I am firmly convinced that the only medicinal properties within NyQuil consist of a tiny liquid man with a tiny liquid hammer. Upon imbibing of said medicine, the tiny liquid man shoots right up into your brain and within 30 minutes pounds your grey matter into goo.
Which makes you sleep. And everyone knows that sleep helps you heal. And so does orange juice.
So, before the liquid NyQuil man bashes my brain into health-restoring sleep goo, I want to talk about nostalgia. Because I am on NyQuil. If you didn’t catch it the first time. Since the rise of the e-book and the subsequent e-reader, the markets have seen a jump in reading and a jump in their disposable cash. Which is a good thing, more the first thing than the second. Businesses are greedy and I have my own issues with them. Now, when the e-book came out there was this earth-shattering wail from what I can only call ‘book purists’, who screamed that a book had to be held in ones hand to be considered a book.
It wasn’t real if you couldn’t turn the pages.
I have friends of said mind who simply refuse to buy an e-book or reader, because ‘it’s not the same.’
And that’s all well and good. I don’t begrudge them their peference. I go both ways on the same street. I like my iPad because I can travel with it and not have to weight manage to the last kilogram (because the airlines are a bunch of robbing bastards) but I am not adverse to picking up a physical book off of the shelves and sitting down to read.
Wait, before I continue. Has anyone noticed that we call e-books, E-books. Why ‘e-book’ why not i-book? Surely that would make more sense. Never mind Apple and their copyrights on i-anything. The internet does not begin with an ‘e’. It’s the I-N-T-E-R-N-E-T. E-oh wait, the ‘e’ stand for ‘electronic’ book. Because you read it on an ‘electronic’ device.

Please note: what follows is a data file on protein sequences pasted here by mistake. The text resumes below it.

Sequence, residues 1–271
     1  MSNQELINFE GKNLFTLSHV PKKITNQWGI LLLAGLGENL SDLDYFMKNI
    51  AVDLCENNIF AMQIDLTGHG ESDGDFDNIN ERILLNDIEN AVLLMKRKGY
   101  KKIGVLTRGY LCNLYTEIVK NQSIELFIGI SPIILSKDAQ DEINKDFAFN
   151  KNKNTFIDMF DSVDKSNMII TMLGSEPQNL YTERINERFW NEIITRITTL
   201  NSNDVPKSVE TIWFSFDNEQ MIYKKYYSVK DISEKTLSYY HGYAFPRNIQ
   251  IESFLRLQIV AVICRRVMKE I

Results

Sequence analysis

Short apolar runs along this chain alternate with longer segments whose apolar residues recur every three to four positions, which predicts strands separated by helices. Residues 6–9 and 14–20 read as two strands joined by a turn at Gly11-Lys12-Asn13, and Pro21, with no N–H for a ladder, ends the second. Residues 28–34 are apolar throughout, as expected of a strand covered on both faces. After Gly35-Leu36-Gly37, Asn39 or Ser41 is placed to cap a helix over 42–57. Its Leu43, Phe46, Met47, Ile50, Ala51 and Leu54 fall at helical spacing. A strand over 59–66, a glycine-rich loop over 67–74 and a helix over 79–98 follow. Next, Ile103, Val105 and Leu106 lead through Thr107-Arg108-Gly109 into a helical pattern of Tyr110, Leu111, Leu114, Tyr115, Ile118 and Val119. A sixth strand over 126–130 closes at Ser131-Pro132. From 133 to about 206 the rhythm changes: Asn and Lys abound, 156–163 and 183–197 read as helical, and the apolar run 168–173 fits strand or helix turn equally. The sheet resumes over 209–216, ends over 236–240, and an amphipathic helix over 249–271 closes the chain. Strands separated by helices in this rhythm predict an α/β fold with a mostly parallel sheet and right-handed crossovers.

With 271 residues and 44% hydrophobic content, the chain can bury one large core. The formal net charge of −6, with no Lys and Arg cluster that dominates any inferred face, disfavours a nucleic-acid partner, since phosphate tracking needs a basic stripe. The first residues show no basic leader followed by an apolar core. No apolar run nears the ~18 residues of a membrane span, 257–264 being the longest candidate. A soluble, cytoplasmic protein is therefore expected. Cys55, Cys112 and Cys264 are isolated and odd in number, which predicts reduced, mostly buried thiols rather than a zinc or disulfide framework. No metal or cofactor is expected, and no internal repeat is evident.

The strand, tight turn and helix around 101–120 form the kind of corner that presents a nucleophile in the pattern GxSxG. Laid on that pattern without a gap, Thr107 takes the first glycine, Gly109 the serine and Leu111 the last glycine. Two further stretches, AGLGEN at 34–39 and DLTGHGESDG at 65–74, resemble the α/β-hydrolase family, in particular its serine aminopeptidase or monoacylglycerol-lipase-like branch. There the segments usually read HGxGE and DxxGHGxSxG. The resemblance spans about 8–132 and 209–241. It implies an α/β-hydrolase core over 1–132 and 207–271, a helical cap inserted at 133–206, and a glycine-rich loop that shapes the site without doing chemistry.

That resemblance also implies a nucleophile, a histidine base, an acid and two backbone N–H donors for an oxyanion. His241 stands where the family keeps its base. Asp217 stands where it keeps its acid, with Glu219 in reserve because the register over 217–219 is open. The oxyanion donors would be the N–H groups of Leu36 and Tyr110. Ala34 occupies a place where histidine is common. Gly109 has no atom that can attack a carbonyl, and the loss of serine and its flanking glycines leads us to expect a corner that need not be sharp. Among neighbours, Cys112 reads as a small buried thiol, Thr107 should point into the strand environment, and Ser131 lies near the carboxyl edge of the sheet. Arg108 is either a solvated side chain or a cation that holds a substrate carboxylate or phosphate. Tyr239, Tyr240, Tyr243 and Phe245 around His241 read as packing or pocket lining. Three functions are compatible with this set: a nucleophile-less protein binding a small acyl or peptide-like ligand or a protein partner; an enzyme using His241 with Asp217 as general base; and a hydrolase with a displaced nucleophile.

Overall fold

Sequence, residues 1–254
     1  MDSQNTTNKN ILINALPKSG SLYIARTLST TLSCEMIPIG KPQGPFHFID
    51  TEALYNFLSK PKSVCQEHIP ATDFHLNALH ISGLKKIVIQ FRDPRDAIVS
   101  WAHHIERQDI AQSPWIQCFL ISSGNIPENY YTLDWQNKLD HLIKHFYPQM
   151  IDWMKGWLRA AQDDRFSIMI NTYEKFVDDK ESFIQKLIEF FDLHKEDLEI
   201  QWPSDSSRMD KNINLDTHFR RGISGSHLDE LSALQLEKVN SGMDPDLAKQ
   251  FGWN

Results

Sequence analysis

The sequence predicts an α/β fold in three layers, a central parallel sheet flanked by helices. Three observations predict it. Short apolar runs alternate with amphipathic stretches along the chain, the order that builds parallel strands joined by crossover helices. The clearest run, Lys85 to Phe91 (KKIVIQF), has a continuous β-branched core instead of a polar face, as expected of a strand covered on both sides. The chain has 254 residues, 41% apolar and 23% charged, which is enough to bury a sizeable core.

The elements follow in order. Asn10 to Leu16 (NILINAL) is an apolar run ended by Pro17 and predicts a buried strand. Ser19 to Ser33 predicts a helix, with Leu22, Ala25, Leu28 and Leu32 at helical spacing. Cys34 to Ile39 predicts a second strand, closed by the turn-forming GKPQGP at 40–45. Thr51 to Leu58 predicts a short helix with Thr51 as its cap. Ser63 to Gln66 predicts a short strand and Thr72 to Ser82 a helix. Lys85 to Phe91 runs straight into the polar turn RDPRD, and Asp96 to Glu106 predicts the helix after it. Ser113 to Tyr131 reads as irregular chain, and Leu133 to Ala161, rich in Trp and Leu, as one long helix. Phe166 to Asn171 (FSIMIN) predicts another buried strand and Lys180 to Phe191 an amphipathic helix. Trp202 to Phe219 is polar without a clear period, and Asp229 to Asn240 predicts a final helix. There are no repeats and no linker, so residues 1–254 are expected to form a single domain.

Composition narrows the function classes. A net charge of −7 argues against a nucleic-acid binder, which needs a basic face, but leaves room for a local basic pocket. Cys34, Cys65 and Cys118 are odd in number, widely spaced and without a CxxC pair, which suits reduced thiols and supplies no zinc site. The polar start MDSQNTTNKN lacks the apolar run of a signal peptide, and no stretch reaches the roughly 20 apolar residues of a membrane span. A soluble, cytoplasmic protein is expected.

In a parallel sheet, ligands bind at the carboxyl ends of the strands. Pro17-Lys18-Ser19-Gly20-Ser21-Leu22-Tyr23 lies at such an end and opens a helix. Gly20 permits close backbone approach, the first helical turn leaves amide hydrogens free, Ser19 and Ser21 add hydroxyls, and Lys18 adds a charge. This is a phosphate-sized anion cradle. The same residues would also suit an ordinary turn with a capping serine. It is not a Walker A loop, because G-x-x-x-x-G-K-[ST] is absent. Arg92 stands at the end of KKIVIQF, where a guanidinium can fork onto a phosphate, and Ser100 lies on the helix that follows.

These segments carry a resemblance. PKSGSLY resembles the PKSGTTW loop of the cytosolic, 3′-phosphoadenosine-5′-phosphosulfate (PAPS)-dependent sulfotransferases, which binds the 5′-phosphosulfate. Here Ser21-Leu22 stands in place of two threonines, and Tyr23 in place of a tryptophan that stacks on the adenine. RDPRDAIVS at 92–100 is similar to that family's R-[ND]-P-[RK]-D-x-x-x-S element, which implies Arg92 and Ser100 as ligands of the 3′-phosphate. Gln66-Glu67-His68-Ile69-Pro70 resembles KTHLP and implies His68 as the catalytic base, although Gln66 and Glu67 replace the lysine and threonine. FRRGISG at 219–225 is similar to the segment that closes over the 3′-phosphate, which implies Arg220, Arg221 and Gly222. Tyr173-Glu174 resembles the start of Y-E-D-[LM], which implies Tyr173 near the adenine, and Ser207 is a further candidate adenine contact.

Anyway. It didn’t really hit me how far our electronic world has come until I went out and rented an audiobook from my library. I needed something to listen too on the ride home from Cambridge, and Stephen King has been my author of choice lately (next to Terry Pratchett), the fact that he wrote a book with Peter Straub just made it better. Coming back from Cambridge, I had some shopping to do. My first stop was the Commissary, because a girl’s gotta eat, and then the next stop was the Base Exchange. It occurred to me that my sister had taken the DVD player to introduce her friends to an old John Cusack movie and BRIDESMAIDS, so I wouldn’t be able to listen to my book unless I had a CD player. Neither of the macs at home have a CD drive. Off I go to the BX where I found that CD players have become obsolete.
I will admit to crying inside a little bit. Cars still have a CD player, I’m assuming people have CD players at home in their stereo systems, but why, oh why, did the portable CD player have to go away?
Never mind that there are iPods and other smaller portable devices, I had checked out an audiobook from that wonderful establishment known as the library, and technology failed me! Failed me in that there were no walkmans for purchase, no crappy $10 tabletop stereo systems with a built in alarm clock that I could use for a few hours and then forget about! Now everything is digital and, if you’re not hooked up, baby, you’re out.
What else are we going to see go by the wayside as technology progresses further and further upward? What else is going to become antiquated?
I don’t think people are going to be labelled antiques. Not yet, anyway.